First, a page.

The Japan space agency, more commonly known as Jaxa, will use Hayabusa2 to test for new asteroid deterrent methods. The iconic spacecraft launched in 2014, and then returned asteroid samples from Ryugu, after traveling more than 900 million miles away from Earth. In 2031, the spacecraft will pass close to an asteroid to study it more in-depth.
Hayabusa2 has made quite a name for itself, having returned its store of sample material from Ryugu in 2020. Now, the little spacecraft is headed to study asteroid 2001 CC21. But, in 2031, Hayabusa2 will fly close to an asteroid called 1998 KY26. This school bus-sized asteroid is what astronomers call a fast-spinner, and its orbit crosses with Earth’s, Jaxa says.
Hayabusa will fly close to the asteroid, and release a target marker onto it, which will allow scientists to study the rotation of the asteroid with better accuracy. Studying these asteroids has always been difficult with ground-based telescopes. It’s also possible that once Hayabusa2 reaches its end-of-life, Jaxa will choose to test using the spacecraft as a battering ram, too. But the agency hasn’t shared any exact plans just yet, SCMP notes.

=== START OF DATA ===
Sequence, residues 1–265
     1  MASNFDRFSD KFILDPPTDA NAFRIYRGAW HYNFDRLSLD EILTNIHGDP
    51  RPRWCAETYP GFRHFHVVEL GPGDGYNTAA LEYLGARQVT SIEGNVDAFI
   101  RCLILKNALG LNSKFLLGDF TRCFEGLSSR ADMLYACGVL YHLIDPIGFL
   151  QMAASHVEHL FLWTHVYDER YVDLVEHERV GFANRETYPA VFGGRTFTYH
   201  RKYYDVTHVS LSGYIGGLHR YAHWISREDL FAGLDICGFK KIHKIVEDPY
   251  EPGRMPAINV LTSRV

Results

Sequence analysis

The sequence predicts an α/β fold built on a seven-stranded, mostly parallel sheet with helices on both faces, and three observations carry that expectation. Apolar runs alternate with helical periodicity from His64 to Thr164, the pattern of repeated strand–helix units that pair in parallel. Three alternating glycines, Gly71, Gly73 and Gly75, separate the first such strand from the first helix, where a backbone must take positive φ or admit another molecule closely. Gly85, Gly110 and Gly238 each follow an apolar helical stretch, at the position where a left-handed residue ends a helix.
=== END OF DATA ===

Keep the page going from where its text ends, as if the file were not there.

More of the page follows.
With so many asteroids hiding out there in space, and with older projects like NEOWISE coming to an end, finding ways to combat the deadly force of these asteroids is paramount for NASA, Jaxa, and other space agencies.
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NASA previously tested another method of asteroid deterrent using its DART or Double Asteroid Redirection Test, which launched in November of 2021 and then crashed into the asteroid Dimorphos in September of 2022. The results of that test proved that what amounts to a battering ram can change the path of an asteroid. But any information that Hayabusa2 can glean from 1998 HY26 will help scientists and engineers create new ways to deflect asteroids that are earthbound.
It’s an intriguing mission and one that could prove quite challenging for Hayabusa2, as the spacecraft was not designed to complete flybys like the one it will need to do as it studies 1998 HY26.
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